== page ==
Friday, 3 April 2015


I find it really hard to forgive myself for mistakes. I make plenty of them, so you'd think I'd have enough experience, but I'm still just as bad at it today as when I started beating myself up about my screw-ups, which was many years ago. "Progress" is managing not to call myself names while I am figuratively punching myself in the guts in the aftermath. That progress is often short-lived. I even get into some meta-self-flagellation about my self-flagellation, this post being a soft example of that.

I think part of it stems from (or is at least related to) my long-standing behaviour of trying to elicit pity as an attention-getting strategy. I would cry at school, I'd tell people how my mother died when I was young, I'd loudly and publicly lament that I'd never had a girlfriend, I'd avoid bringing up people's mistakes about my name or about overlooking me in order to spring it on them much later to maximise their shame and the pity they'd feel for me.

It's pretty pathological behaviour, when you look at it like this. The point, in context, is that seeking pity is now a long-ingrained reflex for me, and tearing myself down is just one step in that process. I need to be low to get pity, and if I'm not low enough, I'll make myself lower.

This does not mesh well with forgiveness, or the problem-solving mindset I have to use for my work. Often there's no solution and nothing to do but accept the loss and move on, trying to do better next time. I never feel like I can just move on without trying to figure out how it all went wrong this time. This leads me to focus obsessively on my mistakes and the costs associated with them, which can be exhausting.

Take a recent example: I had a function to attend after work, and this would have been most easily managed by driving to work that day so I could drive there and drive home at night when it was finished, instead of taking the train as I normally do. I didn't plan my transport and didn't discuss it with my wife until I had already taken the train to work that day. We only have the one car, so if I drive to work, she needs to know that. I could have discussed it in advance, the night before. I could even have tried discussing it that morning, though that wouldn't have been so easy. I leave early, and let's say not everyone in the house is alert in the mornings.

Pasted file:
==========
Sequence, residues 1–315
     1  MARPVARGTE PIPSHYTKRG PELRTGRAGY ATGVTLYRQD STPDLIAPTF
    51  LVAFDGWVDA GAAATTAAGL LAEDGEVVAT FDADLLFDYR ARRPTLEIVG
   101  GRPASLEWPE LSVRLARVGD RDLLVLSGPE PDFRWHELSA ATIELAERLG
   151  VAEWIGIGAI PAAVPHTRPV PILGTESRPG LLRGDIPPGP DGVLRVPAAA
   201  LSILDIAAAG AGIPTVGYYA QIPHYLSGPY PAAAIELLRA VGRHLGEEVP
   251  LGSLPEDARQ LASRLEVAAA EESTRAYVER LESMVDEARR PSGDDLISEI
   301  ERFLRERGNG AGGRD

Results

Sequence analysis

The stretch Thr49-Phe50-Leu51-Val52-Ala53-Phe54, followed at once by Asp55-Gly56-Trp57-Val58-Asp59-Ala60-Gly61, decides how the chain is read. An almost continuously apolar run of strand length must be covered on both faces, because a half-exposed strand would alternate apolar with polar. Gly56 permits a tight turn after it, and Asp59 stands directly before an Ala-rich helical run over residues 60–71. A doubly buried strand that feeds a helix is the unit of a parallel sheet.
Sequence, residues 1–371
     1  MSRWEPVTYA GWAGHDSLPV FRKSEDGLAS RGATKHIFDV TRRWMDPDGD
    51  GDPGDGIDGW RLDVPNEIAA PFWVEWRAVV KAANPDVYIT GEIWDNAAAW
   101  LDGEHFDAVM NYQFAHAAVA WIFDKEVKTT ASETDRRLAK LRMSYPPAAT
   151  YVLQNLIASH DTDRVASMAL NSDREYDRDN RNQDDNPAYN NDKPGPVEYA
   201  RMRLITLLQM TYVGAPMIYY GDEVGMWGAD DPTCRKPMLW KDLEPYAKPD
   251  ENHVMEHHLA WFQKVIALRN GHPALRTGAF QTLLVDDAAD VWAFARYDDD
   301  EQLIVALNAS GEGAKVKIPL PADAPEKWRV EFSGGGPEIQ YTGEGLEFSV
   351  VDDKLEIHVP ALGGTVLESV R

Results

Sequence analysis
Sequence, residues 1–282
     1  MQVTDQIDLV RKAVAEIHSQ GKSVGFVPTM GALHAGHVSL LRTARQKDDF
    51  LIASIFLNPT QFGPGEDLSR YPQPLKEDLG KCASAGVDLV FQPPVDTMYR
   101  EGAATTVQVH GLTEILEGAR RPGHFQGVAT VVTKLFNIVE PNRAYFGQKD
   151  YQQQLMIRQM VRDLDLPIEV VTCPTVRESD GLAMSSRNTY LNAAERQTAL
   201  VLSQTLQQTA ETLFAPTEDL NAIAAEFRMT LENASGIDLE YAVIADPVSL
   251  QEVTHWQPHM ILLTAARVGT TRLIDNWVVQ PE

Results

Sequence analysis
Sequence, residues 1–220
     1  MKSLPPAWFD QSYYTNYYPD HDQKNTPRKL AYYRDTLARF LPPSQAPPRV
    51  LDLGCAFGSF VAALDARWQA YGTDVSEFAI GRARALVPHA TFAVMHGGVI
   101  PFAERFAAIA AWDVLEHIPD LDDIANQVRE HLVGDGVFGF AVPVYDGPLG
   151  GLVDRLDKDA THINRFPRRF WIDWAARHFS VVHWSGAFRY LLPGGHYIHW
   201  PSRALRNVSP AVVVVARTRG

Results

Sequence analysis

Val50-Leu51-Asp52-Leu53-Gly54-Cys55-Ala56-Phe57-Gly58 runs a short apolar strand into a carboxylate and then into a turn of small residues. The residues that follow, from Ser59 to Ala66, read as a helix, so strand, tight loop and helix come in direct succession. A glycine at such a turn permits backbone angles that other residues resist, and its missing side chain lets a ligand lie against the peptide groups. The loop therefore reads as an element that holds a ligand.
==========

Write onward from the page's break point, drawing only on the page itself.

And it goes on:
Still, there are a lot of ways I could have done better, and I was well aware of these in advance. I didn't do them or even make an attempt, resulting in some tense exchanges of texts that made me feel like an irresponsible child. That's a recurring feeling here: that of an irresponsible child. It readily feeds into a number of other anxieties and personality issues, too, such as not being good enough to be a father, not being worthy of being a husband, remembering all the poor organisation and problems I have caused at home and so on. It's what makes me feel, most often, that I am not a Real Man, whatever that means. Real Men, says the voice in my head, communicate properly with their wives so they don't have to ask for a lift home at night. Real Men are confident, in control and show a basic life competence far beyond yours, obviously. Self-flagellation. And, in the end, it turned out not even to be a big deal.

Wanting to break out of this cycle is not enough. Knowing how, clearly, is not enough. Suspecting that I might have mild anxiety or depression is not enough, because you can hardly go to the doctor and say "Doc, sometimes I feel like an irresponsible child and that makes me feel bad, is there something wrong with my brain?" I need therapy. I need to do better. I need ... I don't know what else I need. I feel like forgiveness is just enabling my problems, most of the time. It's not that I don't feel I deserve forgiveness, because true forgiveness isn't deserved or earned. What I feel is that I shouldn't get forgiveness because it wouldn't help fix me.

Mokalus of Borg

PS - I'm sorry if this is too long and heavy.
PPS - It bothered me, though.

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